The third day we make an early morning game drive and continue to struggle through the sometimes endless sandy roads. I’m now getting a good sense of what it means to travel the Kalahari desert by car. As times passes and the gas in our double 80-litre tank decreases, this whole thing is starting to feel more and more like an adventure. The enormous sandy road from Xade to Piper pan has cost us way more fuel than anticipated and we, therefore, decide to exit the Kalahari on the fourth day via Rakops instead of Hainaveld. Looking back we could have stuck with our original plan, but it was still a good move to do it this way as we encountered a huge group Meerkats along the way. You can find them in large quantities not too far from the main road to Rakops.

High on my wishlist: the bat-eared fox.

Its November when we are travelling here, that means it’s the end of the dry season and it has barely rained so far. Because of this, roads can be navigated quite easily. Especially if you’re an experienced off-road driver. But if you’re not comfortable, I would advise travelling in a group so that there is help nearby in case you need it. Or stick to the main roads and don’t plan too far ahead, allow yourself to get stuck for a day or so.
When it rains in the Kahalari, I can tell you this is not the place where you want to be! We can see many, deep, dried up slugs in the road, evidence of vehicles who have been stuck before! And an increased risk of getting stuck is not the only reason not to visit in this season. I’m also talking about sightings. That can be a hit or miss here. So I do understand what I’ve heard people complain about in the past. So when going here be aware of two things. First: don’t expect to see animals outside the pans (where most campsites are located). When driving on the endless sandy roads you will hardly see anything interesting, some exceptions here and there. Second: remember that the dry season (October/November/December) is by far the best period of the year to visit the Kalahari. When looking at the sightings dashboard at the entrance/exit gate at Rakops, you will see that sightings for all the big game more or less quadruple in these months. Meaning that outside this time of year you really need to be lucky to tick off all the bigger animals. If it’s not only animals you’re after, the bonus is that after the rainy season the landscapes will transform in a beautiful green, grassy plains.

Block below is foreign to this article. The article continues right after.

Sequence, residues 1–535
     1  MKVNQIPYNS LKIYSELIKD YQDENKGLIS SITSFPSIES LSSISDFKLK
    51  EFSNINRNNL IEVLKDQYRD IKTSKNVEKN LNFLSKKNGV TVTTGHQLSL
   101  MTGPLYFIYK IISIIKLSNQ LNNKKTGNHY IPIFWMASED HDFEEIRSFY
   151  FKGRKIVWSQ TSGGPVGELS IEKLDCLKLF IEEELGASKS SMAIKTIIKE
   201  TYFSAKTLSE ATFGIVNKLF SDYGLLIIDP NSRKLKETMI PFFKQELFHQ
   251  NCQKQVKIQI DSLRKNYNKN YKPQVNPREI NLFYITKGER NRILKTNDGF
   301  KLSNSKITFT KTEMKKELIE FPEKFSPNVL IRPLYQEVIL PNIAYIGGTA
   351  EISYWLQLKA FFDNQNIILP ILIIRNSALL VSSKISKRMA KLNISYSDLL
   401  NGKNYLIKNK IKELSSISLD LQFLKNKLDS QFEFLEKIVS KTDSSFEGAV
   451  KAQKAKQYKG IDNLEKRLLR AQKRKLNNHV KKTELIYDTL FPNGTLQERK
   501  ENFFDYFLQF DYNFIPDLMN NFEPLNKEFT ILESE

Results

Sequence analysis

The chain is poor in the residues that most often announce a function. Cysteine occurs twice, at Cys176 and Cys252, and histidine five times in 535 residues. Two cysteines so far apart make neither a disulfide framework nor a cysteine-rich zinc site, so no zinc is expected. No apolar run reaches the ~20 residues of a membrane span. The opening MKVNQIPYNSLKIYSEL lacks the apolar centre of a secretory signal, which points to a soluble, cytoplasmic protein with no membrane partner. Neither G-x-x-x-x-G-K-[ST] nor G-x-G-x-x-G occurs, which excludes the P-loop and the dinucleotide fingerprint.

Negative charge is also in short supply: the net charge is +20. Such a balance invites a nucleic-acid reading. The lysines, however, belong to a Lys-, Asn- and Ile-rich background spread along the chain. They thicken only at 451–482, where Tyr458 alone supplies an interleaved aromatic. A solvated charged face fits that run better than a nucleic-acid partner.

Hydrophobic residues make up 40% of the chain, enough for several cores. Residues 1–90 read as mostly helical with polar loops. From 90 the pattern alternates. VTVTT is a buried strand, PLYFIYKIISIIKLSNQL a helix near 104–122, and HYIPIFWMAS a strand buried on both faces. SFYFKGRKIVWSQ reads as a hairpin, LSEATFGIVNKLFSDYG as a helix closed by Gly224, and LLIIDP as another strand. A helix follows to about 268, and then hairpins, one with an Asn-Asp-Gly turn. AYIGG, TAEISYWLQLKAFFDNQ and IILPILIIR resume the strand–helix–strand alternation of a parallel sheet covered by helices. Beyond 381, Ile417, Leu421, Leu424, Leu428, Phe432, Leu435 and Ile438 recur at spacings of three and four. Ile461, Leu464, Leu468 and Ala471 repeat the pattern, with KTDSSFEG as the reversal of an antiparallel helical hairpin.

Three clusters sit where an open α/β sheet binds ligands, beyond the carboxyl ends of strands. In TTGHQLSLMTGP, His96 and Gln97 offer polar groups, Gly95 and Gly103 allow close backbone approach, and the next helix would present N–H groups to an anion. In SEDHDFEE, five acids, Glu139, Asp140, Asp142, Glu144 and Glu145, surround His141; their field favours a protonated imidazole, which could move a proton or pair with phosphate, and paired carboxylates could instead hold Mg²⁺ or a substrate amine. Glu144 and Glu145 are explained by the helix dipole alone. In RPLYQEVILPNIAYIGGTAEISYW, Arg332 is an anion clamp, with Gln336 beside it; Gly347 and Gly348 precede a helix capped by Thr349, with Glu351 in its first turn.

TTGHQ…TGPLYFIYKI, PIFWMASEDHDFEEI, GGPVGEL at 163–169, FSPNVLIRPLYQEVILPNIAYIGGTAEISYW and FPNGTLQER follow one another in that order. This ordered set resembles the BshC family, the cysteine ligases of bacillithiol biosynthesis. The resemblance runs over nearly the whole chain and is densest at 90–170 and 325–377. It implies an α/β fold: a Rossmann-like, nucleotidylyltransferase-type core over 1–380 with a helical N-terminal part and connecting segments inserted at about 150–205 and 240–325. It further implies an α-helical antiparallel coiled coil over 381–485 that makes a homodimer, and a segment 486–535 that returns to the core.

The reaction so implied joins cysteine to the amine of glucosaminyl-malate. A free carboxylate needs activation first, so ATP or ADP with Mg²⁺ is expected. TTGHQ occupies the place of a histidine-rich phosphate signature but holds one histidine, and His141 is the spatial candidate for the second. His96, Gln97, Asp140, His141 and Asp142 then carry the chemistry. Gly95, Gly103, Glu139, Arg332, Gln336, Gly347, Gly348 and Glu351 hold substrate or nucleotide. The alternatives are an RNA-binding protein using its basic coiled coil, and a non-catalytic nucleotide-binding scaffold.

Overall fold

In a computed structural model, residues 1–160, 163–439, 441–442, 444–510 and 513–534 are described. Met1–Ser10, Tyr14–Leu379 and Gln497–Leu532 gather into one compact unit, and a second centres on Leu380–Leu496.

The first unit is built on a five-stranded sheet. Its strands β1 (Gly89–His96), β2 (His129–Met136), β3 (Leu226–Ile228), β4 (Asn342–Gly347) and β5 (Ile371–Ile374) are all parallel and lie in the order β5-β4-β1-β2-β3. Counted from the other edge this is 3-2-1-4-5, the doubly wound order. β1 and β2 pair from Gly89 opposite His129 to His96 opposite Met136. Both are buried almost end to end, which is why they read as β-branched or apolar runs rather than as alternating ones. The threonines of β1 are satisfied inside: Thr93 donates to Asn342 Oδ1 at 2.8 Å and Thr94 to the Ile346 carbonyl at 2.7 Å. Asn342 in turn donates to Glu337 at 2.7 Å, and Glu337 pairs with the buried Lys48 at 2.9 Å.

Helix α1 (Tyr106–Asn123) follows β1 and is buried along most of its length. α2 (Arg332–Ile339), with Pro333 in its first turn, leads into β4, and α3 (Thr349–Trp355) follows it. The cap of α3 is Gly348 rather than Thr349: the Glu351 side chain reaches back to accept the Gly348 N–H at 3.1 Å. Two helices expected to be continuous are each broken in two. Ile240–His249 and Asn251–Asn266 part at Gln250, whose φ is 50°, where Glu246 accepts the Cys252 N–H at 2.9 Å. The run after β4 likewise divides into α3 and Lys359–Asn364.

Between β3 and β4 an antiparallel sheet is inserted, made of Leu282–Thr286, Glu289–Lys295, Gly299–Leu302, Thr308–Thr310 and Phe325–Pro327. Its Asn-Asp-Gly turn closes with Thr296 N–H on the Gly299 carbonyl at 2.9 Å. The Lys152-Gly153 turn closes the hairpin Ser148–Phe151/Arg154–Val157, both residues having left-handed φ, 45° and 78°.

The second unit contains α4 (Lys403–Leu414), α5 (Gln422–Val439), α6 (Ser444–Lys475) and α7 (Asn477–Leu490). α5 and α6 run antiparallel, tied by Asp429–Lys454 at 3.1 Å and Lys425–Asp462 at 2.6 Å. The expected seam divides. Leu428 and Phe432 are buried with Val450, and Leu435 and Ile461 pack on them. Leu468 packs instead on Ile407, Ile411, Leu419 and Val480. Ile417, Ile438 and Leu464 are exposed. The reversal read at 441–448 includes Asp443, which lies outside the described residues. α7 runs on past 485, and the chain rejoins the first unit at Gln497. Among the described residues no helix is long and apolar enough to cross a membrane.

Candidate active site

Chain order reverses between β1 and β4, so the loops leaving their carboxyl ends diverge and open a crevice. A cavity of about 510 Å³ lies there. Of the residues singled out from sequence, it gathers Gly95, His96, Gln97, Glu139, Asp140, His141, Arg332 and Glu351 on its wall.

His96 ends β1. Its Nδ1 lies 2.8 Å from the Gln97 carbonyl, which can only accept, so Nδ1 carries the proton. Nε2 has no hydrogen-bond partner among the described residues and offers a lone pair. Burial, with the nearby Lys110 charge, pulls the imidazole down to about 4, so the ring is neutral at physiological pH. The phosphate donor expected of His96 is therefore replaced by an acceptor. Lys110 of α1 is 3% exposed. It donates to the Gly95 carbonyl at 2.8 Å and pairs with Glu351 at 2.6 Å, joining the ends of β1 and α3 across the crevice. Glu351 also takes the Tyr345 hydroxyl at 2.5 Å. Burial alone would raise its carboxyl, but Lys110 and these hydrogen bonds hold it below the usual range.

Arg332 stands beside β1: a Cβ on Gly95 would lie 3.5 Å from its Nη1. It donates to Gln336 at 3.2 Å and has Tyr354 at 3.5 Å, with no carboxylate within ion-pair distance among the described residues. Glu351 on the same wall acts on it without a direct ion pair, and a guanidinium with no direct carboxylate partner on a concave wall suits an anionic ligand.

Lioness waking up after a rest.


On previous travels, I heard quite some people complain about the Kalahari. About them not seeing much wildlife, travelling on uninteresting, long and sandy tracks. Despite knowing this we decided to cross this desert, mostly because it has built up an almost mythical name in African Safariland. Was it worth it? Absolutely!
No, you will not see the same number of wildlife as in the Okavango delta for example. But you probably will see plenty. But that shouldn’t be the single most reason to come to this place. A visit to the Kalahari is about vastness, solitude, purple sunsets and a sense of adventure. It’s about standing next to a group of big, black-maned Kalahari lions for two hours with not another soul to be seen. The kind of place where you have a chat with other people when encountered. It’s about sitting at the fireplace under a blanket of stars knowing there is only a handful of people in hundreds of miles around you. If it is not these things you are looking for, then you should reconsider. Otherwise, get yourself a car and take off for an adventure on the wild side that will linger in your memory for a lifetime.

Desert elephants drinking at a waterhole.

Watch this blog for an update on tips & tricks when crossing the Kalahari by car. And see my ‘most recent’ album under the portfolio section for more photos about the Kalahari and my trip to Southern Africa.